Fourier analyses were performed using SAS (SAS Institute, Cary, NC) and graphs were produced using Mathematica 6 (Wolfram Research, Urbana -Champaign, IL). Calculations of squared coherencies and parameters for sinusoidal equations were performed using Mathematica 6 .
Fourier analysis periodogram for human H5N1 incidence in Egypt – periodogram ordinate versus frequency.
Fourier analysis periodogram for human H5N1 incidence in Indonesia – periodogram ordinate versus frequency.
Squared coherency (κ2) values versus frequency (x-axis; cycles per year) for cross-spectra between human H5N1 cases and meteorological variables in Indonesia. (A) Precipitation; (B) Temperature; (C) Relative humidity; and (D) Absolute humidity.
Equations for sinusoidal curves of time series data, using frequencies associated with the maximum periodogram ordinates for each data series. Equations were parameterized using based on a best fit with the data, using the Fourier analysis frequencies as a starting point for optimization.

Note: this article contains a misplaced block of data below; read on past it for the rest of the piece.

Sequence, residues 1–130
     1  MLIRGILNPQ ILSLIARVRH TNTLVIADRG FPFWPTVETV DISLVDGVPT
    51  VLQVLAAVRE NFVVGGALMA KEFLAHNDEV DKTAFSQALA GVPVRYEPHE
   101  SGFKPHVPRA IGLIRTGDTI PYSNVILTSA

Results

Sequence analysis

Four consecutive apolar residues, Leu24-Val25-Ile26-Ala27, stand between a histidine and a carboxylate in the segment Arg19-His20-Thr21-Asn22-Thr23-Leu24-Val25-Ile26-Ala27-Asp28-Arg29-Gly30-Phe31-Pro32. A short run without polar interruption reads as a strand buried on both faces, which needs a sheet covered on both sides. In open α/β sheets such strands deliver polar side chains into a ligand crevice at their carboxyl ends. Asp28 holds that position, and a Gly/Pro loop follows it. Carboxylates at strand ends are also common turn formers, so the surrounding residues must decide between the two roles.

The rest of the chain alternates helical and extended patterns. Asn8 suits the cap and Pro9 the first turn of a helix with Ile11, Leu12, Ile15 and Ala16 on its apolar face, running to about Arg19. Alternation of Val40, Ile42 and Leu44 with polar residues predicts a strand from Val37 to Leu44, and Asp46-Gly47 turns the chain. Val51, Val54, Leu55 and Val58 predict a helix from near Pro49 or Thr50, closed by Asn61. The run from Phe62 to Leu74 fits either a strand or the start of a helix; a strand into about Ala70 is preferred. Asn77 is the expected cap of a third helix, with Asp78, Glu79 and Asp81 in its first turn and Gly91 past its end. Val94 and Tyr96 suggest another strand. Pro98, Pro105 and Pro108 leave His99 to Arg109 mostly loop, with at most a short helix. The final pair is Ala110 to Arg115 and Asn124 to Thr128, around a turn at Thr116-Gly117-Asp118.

The authors thank Guillaume Constantin de Magny of the University of Maryland and Caroline Korves of Columbia University for advice on modeling infectious disease time series, and Kareem Carr of Harvard University for providing critical values for Fisher's kappa test. The authors also thank the staff of UNICEF Egypt and at DAI's Community-based Avian Influenza Control Project for kindly sharing their Knowledge, Attitude and Practices (KAP) studies on poultry farmers in Egypt and Indonesia, respectively. Finally, the authors would like to thank the anonymous reviewers for their suggestions on the manuscript.
Conceived and designed the experiments: EJM SSM. Performed the experiments: EJM. Analyzed the data: EJM. Contributed reagents/materials/analysis tools: EJM SSM. Wrote the paper: EJM SSM.